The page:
Battlefield 1, the upcoming video game shooter from DICE, takes the franchise back in time to World War I; and while the series stresses realism in its graphics and depictions of military hardware, the expectations of players mean that not everything will behave as it did in a real war. Technology will be more reliable, tanks will be more effective and parachute use far less precarious; all in service of making the gameplay still fundamentally “fun” in the manner expected by fans of the series.
The latest Battlefield game franchise installment will also eschew the option for players to choose a female avatar in multiplayer mode. However, it won’t necessarily be for the reasons that you might expect.
According to PC Games, former DICE coder Amandine Coget revealed on Twitter that the original plan for the game was “Screw realism, we’re adding female soldiers, because we’re way overdue,” thus adding playable female avatars to the list of places where Battlefield 1 would break away from the real-world events of World War I. However, the decision was later rescinded, and to hear Coget tell it the rationale was less concerned with “realism” than the perception thereof by a vocal portion of gamers:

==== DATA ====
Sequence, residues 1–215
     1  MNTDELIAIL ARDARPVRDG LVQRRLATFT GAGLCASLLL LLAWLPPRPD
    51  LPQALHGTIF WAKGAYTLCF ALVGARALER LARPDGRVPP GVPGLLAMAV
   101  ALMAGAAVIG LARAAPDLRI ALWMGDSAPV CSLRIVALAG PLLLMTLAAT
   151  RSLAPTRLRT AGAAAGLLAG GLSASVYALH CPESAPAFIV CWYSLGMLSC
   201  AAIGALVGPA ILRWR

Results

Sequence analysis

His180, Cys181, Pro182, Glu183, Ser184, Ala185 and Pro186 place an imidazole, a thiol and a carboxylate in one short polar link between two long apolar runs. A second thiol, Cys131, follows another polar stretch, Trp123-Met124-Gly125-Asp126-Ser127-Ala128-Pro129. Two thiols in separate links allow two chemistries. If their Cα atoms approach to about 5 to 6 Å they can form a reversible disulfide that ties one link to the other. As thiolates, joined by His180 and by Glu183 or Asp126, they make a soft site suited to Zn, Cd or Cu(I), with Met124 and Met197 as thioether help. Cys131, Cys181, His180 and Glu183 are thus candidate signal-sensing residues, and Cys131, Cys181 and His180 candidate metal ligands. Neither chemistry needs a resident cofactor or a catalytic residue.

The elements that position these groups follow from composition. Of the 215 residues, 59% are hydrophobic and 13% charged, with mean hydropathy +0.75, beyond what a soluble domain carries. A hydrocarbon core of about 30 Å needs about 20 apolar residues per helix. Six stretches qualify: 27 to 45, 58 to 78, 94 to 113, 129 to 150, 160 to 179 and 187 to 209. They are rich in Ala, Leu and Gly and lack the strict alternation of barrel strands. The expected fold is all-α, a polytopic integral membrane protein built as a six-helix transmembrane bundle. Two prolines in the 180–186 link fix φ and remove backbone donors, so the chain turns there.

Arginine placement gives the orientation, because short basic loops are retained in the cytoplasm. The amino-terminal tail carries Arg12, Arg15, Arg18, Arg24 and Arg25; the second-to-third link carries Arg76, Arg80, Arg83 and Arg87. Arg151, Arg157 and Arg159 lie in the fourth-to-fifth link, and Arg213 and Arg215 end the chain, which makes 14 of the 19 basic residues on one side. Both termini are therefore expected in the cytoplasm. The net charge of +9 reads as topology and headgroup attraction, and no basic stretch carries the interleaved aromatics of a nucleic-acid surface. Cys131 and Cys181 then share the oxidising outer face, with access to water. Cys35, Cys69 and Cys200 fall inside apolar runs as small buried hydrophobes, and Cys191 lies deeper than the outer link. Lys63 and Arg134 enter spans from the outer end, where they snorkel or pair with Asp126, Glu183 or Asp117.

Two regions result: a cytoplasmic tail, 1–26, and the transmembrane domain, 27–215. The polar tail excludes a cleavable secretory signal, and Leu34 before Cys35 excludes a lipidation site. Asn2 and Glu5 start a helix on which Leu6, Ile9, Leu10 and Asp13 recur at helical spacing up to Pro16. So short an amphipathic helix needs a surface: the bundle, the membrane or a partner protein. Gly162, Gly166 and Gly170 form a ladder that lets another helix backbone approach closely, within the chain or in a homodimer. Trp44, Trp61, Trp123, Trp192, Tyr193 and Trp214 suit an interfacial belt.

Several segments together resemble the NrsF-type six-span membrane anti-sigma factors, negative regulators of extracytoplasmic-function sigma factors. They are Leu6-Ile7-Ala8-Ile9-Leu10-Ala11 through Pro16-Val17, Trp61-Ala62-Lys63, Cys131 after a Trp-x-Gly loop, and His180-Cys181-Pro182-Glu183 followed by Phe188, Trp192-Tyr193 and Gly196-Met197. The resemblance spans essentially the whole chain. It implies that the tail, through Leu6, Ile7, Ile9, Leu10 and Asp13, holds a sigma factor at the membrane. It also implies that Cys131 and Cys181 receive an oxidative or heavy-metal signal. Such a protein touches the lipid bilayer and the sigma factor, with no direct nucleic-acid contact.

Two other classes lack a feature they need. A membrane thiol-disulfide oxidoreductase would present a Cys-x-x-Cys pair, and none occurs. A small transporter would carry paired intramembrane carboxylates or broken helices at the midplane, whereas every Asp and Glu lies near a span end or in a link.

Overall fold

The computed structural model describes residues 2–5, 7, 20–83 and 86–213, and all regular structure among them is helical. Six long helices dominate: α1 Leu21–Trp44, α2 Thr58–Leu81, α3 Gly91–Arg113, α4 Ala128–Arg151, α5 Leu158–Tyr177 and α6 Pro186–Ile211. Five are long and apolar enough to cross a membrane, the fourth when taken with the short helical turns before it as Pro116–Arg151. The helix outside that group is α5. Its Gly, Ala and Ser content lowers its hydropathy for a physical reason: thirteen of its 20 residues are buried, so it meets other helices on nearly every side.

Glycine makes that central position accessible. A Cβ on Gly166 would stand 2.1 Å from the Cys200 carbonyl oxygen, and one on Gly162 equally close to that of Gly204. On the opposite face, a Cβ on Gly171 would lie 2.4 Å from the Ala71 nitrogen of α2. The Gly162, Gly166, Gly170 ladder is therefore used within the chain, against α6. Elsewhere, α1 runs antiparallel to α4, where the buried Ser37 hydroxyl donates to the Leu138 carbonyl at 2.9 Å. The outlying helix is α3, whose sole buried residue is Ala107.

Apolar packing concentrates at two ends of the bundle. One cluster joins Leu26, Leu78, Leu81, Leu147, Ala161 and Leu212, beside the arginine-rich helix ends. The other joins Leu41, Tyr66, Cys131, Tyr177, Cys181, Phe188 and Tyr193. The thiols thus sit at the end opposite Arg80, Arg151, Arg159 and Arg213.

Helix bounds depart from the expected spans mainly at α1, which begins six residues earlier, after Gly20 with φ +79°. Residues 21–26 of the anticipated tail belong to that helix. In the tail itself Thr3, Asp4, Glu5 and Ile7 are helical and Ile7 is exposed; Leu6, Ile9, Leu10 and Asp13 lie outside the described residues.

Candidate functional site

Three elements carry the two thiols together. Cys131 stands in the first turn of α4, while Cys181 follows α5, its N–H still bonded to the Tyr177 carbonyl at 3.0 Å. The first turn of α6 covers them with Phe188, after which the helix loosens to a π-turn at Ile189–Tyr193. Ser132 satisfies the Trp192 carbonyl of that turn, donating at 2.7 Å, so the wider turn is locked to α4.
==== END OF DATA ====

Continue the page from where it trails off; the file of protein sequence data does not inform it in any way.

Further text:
“I did eventually get them to spit out the real reasons. [Other deviations from reality are] believable but female soldiers are not, to the core audience of boys.”
In other words, the developer was concerned that the potential backlash that could be felt from younger male gamers (if female player-characters were included as part of the multiplayer mode) made including them a bad risk for the game. It’s not difficult to see where the developer is coming from. As gaming has become a more diverse space with more and more players outside of the medium’s traditional demographics looking for representation, counter-movements have sprung-up online that seek to aggressively “punish” developers or individual designers who seek to step outside the limitations of the medium’s past – particularly in regards to gender inclusivity. But while it’s entirely plausible that DICE was concerned about engendering that sort of backlash, it will likely come as no comfort to disappointed gamers who may have looked forward to playing Battlefield 1 multiplayer in their avatar of choice.
Ironically, the single player campaign of the game does still feature at least one playable female character as part of the storyline. Additionally, while female combat troops were not necessarily “common” during The Great War, they were not unheard of – particularly on the Russian side, where the Russian Provisional Government formed multiple Women’s Battalions in 1917; including multiple “Battalions of Death,” the Kuban Women’s Shock Battalion and a Naval Detachment.
Battlefield 1 releases for Microsoft Windows, PlayStation 4 and Xbox One worldwide on October 21st, 2016
Source: PC Games